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The JET Joint undertaking is a scientific research establishment which was established to study the feasibility of nuclear fusion as a source of energy for the future. JET had a number of specific technical issues to address to demonstrate the feasibility of fusion as a viable energy source. The fusion experiments create a plasma within a toroidal shaped reaction vessel called Torus. The torus is constructed primarily from inconel and in the early stages of JET operation the plasma facing walls were made of unprotected inconel. As the experimental program developed technical considerations highlighted the need for a material other than inconel to protect the first wall from the plasma. This material had a large number of constraints put upon its properties, e.g. high melting point, low atomic number, good mechanical properties, high thermal conductivity etc. Early trials concentrated on the use of graphite tiles. However, in 1989 it was decided to introduce Beryllium into the JET machine. Initially as a layer evaporated onto the vessel walls, and later as protective tiles on specific in vessel components. Since its introduction into the machine in May 1989, beryllium has been associated with all work involving vessel components, whether carried out in vessel or in the associated working areas such as the Beryllium Handling Facilities or Waste Handing Facility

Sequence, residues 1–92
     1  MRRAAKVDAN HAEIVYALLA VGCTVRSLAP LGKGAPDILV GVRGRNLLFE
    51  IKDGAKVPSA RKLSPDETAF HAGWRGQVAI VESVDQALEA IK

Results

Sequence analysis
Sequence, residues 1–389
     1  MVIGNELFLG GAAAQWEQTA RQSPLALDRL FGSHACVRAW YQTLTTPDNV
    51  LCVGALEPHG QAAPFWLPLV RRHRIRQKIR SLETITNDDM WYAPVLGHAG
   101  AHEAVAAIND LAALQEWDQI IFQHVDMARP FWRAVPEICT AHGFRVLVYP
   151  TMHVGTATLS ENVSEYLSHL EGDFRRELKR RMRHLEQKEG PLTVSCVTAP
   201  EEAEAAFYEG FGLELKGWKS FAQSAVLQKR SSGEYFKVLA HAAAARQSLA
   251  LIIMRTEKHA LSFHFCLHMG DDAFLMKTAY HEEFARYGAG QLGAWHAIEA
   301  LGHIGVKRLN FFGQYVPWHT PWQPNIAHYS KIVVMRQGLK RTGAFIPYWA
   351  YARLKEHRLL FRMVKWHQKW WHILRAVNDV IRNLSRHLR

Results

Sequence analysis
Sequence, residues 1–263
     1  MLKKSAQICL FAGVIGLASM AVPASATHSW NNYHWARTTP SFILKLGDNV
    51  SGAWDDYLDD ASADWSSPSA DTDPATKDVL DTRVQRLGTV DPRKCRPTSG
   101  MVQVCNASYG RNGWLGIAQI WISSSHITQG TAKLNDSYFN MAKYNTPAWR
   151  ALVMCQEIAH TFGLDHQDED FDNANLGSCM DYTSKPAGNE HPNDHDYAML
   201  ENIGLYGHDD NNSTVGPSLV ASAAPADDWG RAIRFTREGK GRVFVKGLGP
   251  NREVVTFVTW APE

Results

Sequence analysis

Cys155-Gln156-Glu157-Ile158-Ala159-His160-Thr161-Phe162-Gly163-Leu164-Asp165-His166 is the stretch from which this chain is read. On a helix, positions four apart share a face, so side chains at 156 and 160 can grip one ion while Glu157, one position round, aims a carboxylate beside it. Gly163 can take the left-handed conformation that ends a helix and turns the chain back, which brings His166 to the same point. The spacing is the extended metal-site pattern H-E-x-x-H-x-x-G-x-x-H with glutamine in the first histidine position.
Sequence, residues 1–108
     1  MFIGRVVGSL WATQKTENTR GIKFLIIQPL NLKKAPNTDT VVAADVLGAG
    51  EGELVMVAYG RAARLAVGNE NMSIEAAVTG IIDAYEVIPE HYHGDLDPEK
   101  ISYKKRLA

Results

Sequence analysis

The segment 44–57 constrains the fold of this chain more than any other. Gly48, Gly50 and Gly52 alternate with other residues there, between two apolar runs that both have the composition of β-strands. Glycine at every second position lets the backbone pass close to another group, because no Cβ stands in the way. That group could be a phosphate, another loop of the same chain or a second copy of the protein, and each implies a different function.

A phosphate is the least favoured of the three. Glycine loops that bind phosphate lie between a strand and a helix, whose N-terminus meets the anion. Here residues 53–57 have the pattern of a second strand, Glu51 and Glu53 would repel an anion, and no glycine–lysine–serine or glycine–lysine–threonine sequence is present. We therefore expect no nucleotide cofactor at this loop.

Additional information

Authors: HAIGH A D, JET Joint Undertaking, Abingdon (GB)
Bibliographic Reference: Article: JET-IR(99)03
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